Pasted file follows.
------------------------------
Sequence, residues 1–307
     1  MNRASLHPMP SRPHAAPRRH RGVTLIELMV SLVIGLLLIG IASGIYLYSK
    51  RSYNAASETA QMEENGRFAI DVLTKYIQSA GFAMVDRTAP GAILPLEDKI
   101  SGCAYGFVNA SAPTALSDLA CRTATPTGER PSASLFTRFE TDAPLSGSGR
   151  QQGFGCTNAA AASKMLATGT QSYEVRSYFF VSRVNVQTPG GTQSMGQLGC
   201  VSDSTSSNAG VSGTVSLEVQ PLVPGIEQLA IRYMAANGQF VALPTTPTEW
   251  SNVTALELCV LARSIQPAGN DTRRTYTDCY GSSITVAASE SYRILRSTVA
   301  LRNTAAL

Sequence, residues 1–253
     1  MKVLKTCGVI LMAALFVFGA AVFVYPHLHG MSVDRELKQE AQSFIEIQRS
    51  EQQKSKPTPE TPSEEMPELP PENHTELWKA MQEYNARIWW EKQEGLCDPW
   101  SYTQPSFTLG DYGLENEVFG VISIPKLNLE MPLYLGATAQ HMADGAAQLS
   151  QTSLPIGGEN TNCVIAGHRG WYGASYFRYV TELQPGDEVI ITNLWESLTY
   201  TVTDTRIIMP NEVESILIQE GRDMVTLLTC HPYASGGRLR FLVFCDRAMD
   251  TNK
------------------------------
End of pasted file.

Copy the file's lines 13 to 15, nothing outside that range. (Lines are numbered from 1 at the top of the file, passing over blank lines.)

   151  QTSLPIGGEN TNCVIAGHRG WYGASYFRYV TELQPGDEVI ITNLWESLTY
   201  TVTDTRIIMP NEVESILIQE GRDMVTLLTC HPYASGGRLR FLVFCDRAMD
   251  TNK